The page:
Uber, delivery apps propose offering Mexican drivers social security

MEXICO CITY, Nov 23 (Reuters) – Tech giant Uber (UBER.N) and delivery apps DiDi and Rappi have proposed offering Social Security benefits to workers in Mexico for the first time ahead of a new government law regulating the gig economy pending.

The companies said in a statement Wednesday, co-signed by workers’ rights activist groups, that they were open to covering drivers and couriers who work an average of more than 40 hours a week on one or more platforms.

However, they did not agree to classify drivers as employees and few details were given on the distribution of payments for social security costs.

Mexico’s Labor Minister Luisa Alcalde said officials are working on a bill that would bring gig workers into the “formal economy,” though the timetable is still unclear.

It’s also unclear whether the bill aims to turn drivers into employees or propose other reforms in line with what the apps say.

Ridesharing and delivery apps worldwide have fought back calls to classify workers as employees rather than independent contractors, saying the change would hamper their business models and deny drivers flexibility.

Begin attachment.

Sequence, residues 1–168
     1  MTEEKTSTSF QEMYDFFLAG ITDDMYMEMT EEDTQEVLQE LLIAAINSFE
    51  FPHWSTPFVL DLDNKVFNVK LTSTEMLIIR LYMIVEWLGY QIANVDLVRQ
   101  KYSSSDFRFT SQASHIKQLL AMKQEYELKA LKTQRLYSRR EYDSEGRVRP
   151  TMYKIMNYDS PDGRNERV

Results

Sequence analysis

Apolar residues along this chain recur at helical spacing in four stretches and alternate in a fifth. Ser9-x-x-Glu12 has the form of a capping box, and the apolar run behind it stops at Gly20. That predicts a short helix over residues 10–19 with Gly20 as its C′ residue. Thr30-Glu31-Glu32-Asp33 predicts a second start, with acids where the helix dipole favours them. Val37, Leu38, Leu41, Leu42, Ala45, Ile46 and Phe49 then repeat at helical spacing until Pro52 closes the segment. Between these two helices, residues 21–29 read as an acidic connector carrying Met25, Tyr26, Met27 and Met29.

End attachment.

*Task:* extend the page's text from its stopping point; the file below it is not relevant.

The statement by Uber, Chinese mobility company DiDi Global Inc and Latin American delivery app Rappi also suggested setting up mechanisms to ensure fair pay in line with hours worked, but without outlining details.

“It’s time to take the next step and find consensus… and start improving conditions,” Tonatiuh Anzures, Didi’s director of government affairs in Mexico, said in an interview.

Any changes will depend on further talks and government support, Anzures added.

Nicolas Sanchez, head of public policy at Uber in Mexico, said he hoped the additional costs would be small, but Uber is “open to them” if the industry, which includes around 500,000 people, is allowed to retain flexibility.

The Department of Labor did not immediately respond to a request for comment.

Reaching a broad consensus can be difficult. A few dozen workers on motorcycles honked their horns outside the building in Mexico City where the companies were scheduled to hold news conferences on Wednesday, in what Sergio Guerrero, chairman of the National Union of Application Workers, described as a protest at the companies’ stance.

“To have labor rights, you have to be recognized as a worker,” he said.

Reporting by Isabel Woodford, editing by Daina Beth Solomon, Cynthia Osterman and Anna Driver

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